As a sport psychologist I work with sports people to help them be the very best they can be. I help them develop quicker and I help them high perform, more consistently, under pressure. I work a little in business/industry as well but primarily I am a football psychologist.
2. You worked with the West Ham squad under Alan Curbishley, in particular helping Carlton Cole. What main tips did you give him?
Let’s be clear. I worked with Carlton and then, some other players asked me to work with them. I didn’t work for West Ham as such. Perhaps most notably I worked with Anton Ferdinand for the 6 months prior to him getting a move to Sunderland. Junior Stanislas was another to approach me and we worked for a month or so to help him break into the first team.
With Carlton there was a range of things. Perhaps most notably I helped him think better off the pitch about his game and taught him how to rehearse success (rather than failure) leading up to matches. On the pitch we worked on a number of things related to intensity of performance, performance confidence and focus. We finished working together just after he won his first couple of England caps – I’m unsure if he’s kept the stuff going. My book Soccer tough details some of the work we did and how that applies to all footballers.
3. What team/player would you say has improved most under your guidance?
The most dramatic was probably Anthony Stokes who called me in December 09. He had scored just 4 goals in a season and a half. We did a session beginning of December and he scored 6 goals in that month, which included the fastest goal in SPL history. He went on to finish second highest scorer in Scotland that season and get a dream move to Celtic. Again Soccer Tough devotes a chapter to the work I did with Anthony.
5. If you had to pick, what team in the Premier League would you say is most in need of your help?
I believe what I do makes a small but important difference. So I believe I could make a small but important difference to any and all clubs. If I didn’t I would be in the wrong profession.
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6. You recently said that ‘on the pitch, to gain control you must lose a bit of control.’ What did you mean?
It’s vital that a footballer, no matter what level he or she plays at, competes with fun and freedom. If you are tight and tense, if you play with fear and try to control everything then your awareness will lessen, your anticipation and decision making will slow and your coordination will be shot to pieces. I want players to play with fun and freedom. I want them to give up a bit of control and loosen up. An example of an extreme of this is the England football team. Very tight, rigid and tense. They play not to lose rather than to win, on the back foot rather than the front foot, with fear rather than with freedom. Against Italy I saw a player receive the ball with his back to goal when ordinarily in the Premiership he would have received it on the half turn. That’s not a technical problem because he does it correctly week in week out for his club. It’s a mental problem.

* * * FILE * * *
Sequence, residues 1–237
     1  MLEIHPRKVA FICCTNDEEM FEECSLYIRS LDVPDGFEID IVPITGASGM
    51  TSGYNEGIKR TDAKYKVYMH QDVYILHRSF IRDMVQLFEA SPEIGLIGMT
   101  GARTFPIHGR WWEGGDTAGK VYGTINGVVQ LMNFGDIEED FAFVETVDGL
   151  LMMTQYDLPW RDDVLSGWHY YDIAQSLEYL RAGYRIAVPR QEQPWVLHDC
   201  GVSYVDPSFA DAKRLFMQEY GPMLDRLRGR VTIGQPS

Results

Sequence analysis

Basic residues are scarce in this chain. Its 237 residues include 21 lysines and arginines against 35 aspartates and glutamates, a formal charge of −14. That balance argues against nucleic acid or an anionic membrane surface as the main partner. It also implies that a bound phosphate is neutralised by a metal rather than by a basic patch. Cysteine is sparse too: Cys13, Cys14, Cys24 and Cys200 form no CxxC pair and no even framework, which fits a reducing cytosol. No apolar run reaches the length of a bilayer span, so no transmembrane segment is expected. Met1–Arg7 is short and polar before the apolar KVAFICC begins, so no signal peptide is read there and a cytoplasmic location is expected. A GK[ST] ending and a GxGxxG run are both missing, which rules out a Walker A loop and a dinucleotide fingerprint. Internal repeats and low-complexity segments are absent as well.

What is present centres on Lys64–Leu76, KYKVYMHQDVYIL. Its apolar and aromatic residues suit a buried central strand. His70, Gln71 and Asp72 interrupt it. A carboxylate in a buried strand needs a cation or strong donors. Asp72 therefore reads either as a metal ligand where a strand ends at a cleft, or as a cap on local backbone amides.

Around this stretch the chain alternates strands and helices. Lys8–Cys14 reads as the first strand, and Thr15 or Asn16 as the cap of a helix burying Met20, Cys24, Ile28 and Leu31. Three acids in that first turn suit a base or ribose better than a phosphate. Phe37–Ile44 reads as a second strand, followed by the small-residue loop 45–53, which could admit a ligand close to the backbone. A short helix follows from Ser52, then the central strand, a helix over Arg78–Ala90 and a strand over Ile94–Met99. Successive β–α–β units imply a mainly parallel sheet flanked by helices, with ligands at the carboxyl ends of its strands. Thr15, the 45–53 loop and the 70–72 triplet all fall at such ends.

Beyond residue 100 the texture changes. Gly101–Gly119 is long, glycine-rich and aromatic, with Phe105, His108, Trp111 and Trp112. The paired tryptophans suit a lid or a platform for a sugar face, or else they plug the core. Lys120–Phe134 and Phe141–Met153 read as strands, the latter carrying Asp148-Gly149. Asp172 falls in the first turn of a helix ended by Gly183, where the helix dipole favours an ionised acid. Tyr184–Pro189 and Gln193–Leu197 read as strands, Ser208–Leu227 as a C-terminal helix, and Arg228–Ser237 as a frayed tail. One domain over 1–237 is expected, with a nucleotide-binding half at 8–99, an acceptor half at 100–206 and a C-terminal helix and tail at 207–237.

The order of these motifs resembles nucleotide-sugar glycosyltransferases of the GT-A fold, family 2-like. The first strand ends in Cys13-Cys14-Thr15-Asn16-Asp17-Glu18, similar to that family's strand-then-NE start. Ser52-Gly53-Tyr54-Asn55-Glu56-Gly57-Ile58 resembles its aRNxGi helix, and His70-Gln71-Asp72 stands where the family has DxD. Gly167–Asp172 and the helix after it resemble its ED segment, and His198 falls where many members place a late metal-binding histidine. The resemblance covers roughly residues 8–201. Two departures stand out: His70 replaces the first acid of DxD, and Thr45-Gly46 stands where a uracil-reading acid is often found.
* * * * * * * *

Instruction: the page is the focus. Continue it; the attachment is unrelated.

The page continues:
7. Do you think visualisation is just as important as physical skill when it comes to improving your play?
Not at all. I’m not one of these loony psychologists who thinks that the game is 90% mental. That’s ridiculous and if a psychologist says this it does my industry more harm than good. Imagery or visualisation, or ‘pictures’ as I like to call it complements the technical and tactical work coaches do. The brain can’t tell the difference between what is real and what is imagined so it is a real neuroscientific construct. But it doesn’t replace training nor is it as important as training.
8. Would you say fan/player communication on sites such as twitter is a key factor in making/breaking confidence?
It’s funny – I used to read a lot of West Ham forums when I worked with Carlton. This helped me get a fans perspective on his performances. I knew he was doing very well (apart from using my own eyes of course) when fans, who had been his harshest critics, started praising him. Fans on forums and on twitter are harsh because they are emotionally wrapped up in the game. They can’t effect play as such so it’s stressful being a fan to some extent. If players choose to view comments then that’s at their risk. They will see some pretty horrible remarks at times. I’ve never met a player who wants to lose. I’ve met a lot with low confidence and a lot who have been unable to deal with criticism from the coaching staff – but not really any who don’t care. I think a player CAN lose confidence through social media yes.
9. Finally, your chance for a plug. Sum up why people should buy your book in one sentence.
It’s a number one seller on Amazon for soccer coaching books in the U.S. and the UK – my passion is to de-mystify this subject so you get NO boring theory – just great stories about great footballers overcoming mindset challenges and very simple techniques to improve your game or the game of your players or kids.
4. What teams/players are you currently working with?
I work with about 20 or footballers from the Premiership down to non leagues. Most are confidential relationships – but one guy I can mention (because he’ in the book) is Richard Keogh who plays for Derby County. What a great defender he is. He has won 4 consecutive player of the year awards. As for clubs – I’ve just finished a 2 year contract working with the Academy and development squad for QPR. I’m looking for fresh challenges at a club.